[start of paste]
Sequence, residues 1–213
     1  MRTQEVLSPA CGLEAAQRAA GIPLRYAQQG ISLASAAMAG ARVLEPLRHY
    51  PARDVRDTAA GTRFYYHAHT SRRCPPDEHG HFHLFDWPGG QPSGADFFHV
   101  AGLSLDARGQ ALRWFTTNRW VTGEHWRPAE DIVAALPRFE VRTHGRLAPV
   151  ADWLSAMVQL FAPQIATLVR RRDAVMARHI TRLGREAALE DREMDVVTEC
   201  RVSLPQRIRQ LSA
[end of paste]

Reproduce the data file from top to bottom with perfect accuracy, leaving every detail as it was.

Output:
Sequence, residues 1–213
     1  MRTQEVLSPA CGLEAAQRAA GIPLRYAQQG ISLASAAMAG ARVLEPLRHY
    51  PARDVRDTAA GTRFYYHAHT SRRCPPDEHG HFHLFDWPGG QPSGADFFHV
   101  AGLSLDARGQ ALRWFTTNRW VTGEHWRPAE DIVAALPRFE VRTHGRLAPV
   151  ADWLSAMVQL FAPQIATLVR RRDAVMARHI TRLGREAALE DREMDVVTEC
   201  RVSLPQRIRQ LSA